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My head feels like an old depot,
worn by time and tears,
No more locomotives passing through,
café filled with tales and baggage,
The old depot's barren now,
there has been a great brain robbery.
-Joanne Koenig Coste


From "Learning to Speak Alzheimer's," by Joanne Koenig Coste:



One cool spring day in 1971, the kind that makes New Englanders smile at each other, I was driving with my husband down the main street of a small coastal town south of Boston. I spotted a parking space in front of our destination, a café where we dined frequently, sharing chowder, fried clams, gigantic iced teas, and dreams of the future.

I told my husband, "Look, there's a parking space. Not only that-there's money in the meter."

"I'm glad," he murmured, seeking my eyes through his sunglasses. "But I think my meter is run out."

Our journey into the world of dementia began in 1971, when no guideposts, advocates, manuals, or support groups were available to help us. The National Alzheimer's Association would not be organized for another decade. My husband was only in his forties and I did not believe that his forgetfulness was a natural part of aging.His abilities continued to decline. As soon as I became the least bit comfortable with his current condition, he would take another step in the downhill progression of dementia. I felt completely overwhelmed. At times I was diapering both our youngest child and my husband. There's no way I can do this, I would think to myself.

I vowed to learn to live with this person who was inhabiting the body of the man I cherished. I had to detach myself emotionally from the man my husband used to be and live now with the man he had become. The task at hand-this minute, and every minute of every day-was to ensure my family's survival; I couldn't waste time focusing on my lot in life. I had to deal with the reality of today.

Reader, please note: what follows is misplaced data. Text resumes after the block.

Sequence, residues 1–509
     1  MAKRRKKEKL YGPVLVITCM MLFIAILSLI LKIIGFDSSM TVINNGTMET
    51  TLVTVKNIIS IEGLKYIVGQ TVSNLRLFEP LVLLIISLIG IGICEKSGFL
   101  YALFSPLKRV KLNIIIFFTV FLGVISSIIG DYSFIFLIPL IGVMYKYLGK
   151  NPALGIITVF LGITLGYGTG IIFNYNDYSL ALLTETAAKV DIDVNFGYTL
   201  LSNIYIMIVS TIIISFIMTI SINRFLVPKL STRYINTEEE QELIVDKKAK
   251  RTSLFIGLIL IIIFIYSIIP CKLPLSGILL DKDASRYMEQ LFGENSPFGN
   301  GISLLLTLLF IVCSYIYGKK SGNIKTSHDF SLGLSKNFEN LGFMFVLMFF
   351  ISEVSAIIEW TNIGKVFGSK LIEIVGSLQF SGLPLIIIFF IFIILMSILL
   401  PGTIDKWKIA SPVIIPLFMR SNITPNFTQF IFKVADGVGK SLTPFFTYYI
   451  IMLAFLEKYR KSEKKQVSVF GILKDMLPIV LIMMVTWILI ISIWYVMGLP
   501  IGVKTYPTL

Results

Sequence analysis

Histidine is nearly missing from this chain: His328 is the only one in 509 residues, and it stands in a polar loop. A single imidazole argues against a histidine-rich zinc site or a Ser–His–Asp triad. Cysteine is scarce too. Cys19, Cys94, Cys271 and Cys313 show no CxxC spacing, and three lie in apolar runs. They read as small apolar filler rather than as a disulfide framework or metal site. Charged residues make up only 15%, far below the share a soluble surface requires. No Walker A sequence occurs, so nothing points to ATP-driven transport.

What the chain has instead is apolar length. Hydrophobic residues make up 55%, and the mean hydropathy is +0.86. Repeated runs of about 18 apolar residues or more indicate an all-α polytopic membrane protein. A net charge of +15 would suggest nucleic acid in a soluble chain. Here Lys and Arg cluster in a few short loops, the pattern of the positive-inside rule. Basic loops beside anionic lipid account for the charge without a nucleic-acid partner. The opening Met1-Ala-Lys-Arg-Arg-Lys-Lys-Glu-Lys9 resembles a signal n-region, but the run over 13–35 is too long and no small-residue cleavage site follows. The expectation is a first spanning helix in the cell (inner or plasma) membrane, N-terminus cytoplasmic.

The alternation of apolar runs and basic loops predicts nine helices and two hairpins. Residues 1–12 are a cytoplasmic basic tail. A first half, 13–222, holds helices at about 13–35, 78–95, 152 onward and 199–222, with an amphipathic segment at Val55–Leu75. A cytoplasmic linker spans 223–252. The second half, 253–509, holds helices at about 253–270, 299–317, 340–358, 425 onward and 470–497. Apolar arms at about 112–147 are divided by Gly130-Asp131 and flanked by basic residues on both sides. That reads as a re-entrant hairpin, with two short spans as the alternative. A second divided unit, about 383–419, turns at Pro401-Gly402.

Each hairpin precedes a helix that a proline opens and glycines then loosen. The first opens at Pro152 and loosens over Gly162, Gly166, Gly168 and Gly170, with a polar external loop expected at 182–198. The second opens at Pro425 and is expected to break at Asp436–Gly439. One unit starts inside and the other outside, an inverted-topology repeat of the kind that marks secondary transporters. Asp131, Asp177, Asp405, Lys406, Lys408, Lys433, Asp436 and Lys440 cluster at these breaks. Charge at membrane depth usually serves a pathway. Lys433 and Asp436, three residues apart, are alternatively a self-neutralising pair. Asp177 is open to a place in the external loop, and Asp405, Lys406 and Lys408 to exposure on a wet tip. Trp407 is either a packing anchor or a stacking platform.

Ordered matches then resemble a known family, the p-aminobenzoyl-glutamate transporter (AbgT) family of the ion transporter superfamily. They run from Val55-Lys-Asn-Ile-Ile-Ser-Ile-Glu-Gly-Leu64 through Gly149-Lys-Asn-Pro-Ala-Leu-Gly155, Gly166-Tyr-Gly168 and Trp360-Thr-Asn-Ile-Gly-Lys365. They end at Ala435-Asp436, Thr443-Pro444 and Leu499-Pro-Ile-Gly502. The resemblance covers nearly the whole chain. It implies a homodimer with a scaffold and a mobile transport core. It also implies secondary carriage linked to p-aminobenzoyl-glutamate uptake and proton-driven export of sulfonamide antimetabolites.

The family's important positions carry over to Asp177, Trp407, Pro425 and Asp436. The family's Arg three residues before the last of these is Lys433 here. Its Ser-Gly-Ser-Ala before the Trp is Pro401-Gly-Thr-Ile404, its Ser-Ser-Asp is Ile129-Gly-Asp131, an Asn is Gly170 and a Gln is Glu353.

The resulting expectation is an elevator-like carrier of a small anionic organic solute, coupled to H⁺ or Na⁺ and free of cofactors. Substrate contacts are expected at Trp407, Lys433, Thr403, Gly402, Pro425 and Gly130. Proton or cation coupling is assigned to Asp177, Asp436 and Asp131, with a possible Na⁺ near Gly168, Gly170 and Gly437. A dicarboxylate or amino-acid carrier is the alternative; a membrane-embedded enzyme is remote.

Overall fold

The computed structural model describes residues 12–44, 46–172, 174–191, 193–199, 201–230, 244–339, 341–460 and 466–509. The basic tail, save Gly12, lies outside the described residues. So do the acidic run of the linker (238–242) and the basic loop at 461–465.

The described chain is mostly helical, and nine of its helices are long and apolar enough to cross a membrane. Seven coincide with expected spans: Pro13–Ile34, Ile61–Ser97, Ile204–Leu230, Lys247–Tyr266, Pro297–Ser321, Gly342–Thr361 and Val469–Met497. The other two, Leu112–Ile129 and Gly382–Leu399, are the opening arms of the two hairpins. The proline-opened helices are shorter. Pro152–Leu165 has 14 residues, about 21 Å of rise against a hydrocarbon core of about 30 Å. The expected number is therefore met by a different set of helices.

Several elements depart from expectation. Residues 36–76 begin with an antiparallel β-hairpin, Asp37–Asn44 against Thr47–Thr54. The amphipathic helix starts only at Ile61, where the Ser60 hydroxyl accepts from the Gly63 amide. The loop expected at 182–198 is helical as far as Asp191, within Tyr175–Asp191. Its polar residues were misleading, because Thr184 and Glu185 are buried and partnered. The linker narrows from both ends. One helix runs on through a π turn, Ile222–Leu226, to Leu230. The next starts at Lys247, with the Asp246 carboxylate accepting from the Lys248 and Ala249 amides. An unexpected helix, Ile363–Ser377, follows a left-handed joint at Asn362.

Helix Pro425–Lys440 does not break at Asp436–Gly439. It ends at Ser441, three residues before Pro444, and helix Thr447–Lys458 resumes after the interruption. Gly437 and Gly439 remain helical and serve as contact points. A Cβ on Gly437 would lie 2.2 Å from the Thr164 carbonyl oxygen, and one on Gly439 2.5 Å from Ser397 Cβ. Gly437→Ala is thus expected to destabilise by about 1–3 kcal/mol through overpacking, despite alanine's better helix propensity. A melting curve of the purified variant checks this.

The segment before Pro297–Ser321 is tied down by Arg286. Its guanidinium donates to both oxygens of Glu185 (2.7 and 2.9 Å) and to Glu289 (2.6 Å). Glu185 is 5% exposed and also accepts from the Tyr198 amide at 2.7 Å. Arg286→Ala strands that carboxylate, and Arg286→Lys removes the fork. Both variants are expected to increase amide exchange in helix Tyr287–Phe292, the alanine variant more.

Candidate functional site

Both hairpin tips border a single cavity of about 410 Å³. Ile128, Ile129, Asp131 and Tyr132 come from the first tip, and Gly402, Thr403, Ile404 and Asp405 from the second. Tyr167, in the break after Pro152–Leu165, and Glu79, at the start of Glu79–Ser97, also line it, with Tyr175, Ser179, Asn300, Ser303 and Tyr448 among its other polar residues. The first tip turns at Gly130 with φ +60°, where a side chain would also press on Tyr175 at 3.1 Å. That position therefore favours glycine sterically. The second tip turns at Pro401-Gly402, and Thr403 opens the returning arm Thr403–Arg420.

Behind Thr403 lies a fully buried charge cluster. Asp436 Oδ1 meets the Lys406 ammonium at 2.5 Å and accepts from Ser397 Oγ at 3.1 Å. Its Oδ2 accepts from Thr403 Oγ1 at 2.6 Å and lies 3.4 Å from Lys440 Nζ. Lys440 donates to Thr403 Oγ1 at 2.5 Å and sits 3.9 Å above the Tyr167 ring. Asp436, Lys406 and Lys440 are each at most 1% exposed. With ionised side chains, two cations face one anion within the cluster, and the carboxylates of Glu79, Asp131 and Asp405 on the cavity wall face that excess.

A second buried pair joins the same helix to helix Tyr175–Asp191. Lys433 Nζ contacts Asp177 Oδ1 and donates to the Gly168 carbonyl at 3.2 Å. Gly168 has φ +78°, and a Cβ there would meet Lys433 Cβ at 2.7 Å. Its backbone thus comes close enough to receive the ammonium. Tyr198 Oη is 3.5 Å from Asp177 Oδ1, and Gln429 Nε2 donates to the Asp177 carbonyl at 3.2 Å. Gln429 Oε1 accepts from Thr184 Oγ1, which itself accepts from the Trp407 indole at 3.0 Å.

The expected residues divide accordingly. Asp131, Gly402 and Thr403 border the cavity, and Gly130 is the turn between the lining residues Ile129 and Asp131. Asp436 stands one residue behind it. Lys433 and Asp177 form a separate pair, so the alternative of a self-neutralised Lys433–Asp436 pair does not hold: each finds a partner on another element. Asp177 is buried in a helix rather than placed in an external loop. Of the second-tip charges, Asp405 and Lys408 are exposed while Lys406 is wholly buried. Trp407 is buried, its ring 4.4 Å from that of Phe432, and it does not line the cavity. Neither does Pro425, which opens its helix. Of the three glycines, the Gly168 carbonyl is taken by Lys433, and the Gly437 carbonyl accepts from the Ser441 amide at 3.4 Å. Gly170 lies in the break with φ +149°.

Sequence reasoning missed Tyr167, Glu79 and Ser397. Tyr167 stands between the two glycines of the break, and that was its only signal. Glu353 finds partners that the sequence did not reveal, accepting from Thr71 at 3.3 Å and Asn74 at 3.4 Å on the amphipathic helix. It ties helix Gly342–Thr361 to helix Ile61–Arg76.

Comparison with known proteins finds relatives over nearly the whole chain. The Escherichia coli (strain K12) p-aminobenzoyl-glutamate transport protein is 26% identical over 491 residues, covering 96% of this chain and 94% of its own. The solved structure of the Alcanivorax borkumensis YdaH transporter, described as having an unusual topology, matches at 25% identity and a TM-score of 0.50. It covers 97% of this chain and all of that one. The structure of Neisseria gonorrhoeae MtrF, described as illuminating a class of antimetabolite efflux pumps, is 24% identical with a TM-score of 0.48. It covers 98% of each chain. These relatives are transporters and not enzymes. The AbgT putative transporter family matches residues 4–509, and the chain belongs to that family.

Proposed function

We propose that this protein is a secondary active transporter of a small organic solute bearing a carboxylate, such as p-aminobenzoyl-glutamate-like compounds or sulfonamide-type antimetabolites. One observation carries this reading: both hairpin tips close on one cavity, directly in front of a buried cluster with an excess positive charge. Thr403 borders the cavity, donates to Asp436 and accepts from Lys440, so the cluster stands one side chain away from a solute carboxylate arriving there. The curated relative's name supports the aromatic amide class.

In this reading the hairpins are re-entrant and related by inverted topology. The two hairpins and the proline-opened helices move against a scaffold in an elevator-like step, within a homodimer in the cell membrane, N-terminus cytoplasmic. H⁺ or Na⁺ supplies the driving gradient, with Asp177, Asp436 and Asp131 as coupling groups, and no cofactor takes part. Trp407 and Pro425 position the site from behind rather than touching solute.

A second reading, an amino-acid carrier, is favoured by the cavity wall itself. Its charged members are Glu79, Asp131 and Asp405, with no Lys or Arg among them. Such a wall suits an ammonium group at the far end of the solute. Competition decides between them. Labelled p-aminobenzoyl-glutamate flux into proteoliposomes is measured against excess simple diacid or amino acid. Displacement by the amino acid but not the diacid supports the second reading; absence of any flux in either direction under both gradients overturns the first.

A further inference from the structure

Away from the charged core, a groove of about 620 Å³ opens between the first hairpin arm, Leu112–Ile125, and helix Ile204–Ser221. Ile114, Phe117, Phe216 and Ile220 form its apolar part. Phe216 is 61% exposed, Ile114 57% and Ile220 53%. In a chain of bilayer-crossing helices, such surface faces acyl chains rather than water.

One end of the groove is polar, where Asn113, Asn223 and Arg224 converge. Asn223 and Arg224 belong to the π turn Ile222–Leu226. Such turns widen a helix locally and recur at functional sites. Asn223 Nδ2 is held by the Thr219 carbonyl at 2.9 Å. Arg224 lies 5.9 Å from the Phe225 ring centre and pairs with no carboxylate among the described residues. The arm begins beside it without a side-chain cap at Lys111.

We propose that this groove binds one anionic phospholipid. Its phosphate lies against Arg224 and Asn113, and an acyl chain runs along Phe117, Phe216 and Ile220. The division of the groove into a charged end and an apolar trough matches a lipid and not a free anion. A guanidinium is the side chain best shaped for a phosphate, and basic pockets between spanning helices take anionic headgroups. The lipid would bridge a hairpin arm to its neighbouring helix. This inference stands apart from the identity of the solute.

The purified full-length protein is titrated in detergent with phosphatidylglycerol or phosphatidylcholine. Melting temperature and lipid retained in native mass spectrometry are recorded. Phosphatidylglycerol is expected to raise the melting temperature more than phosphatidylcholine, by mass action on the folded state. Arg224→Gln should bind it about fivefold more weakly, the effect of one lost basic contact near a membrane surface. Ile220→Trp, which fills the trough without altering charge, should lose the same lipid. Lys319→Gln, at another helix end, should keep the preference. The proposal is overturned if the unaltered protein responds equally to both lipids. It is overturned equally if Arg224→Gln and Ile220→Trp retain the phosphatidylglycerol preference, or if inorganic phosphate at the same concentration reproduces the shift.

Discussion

The following are the tenet that I developed, first for my own use at home and later for the use of other patients with dementias:

1. Make the Physical Environment work. Simplify the environment. Accommodate perceptual loss by eliminating distractions.
2. Know that Communication Remains Possible. Remember that the emotion behind failing words is far more important than the words themselves and needs to be validated. Although many losses occur with this disease, assume that the patient can still register feelings that matter.
3. Focus Only on Remaining Skills. Value what abilities remain. Help the patient compensate for any lost abilities without bringing them to his or her attention.
4. Live in the Patient's World. Never question, chastise, or try to reason with the patient. Join her in her current "place" or time, wherever that may be, and find joy with her there.
5. Enrich the Patient's Life. Crete moments for success; eliminate possible moments of failure, and praise frequently and with sincerity. Attempt to find humor wherever possible.

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